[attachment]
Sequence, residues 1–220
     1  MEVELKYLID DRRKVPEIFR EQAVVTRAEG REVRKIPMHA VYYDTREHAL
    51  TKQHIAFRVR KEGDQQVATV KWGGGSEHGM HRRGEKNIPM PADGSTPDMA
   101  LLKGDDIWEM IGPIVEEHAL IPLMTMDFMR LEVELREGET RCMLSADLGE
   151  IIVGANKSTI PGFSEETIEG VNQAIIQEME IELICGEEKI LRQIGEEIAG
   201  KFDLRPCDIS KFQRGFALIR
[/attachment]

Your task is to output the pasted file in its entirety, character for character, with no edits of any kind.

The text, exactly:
Sequence, residues 1–220
     1  MEVELKYLID DRRKVPEIFR EQAVVTRAEG REVRKIPMHA VYYDTREHAL
    51  TKQHIAFRVR KEGDQQVATV KWGGGSEHGM HRRGEKNIPM PADGSTPDMA
   101  LLKGDDIWEM IGPIVEEHAL IPLMTMDFMR LEVELREGET RCMLSADLGE
   151  IIVGANKSTI PGFSEETIEG VNQAIIQEME IELICGEEKI LRQIGEEIAG
   201  KFDLRPCDIS KFQRGFALIR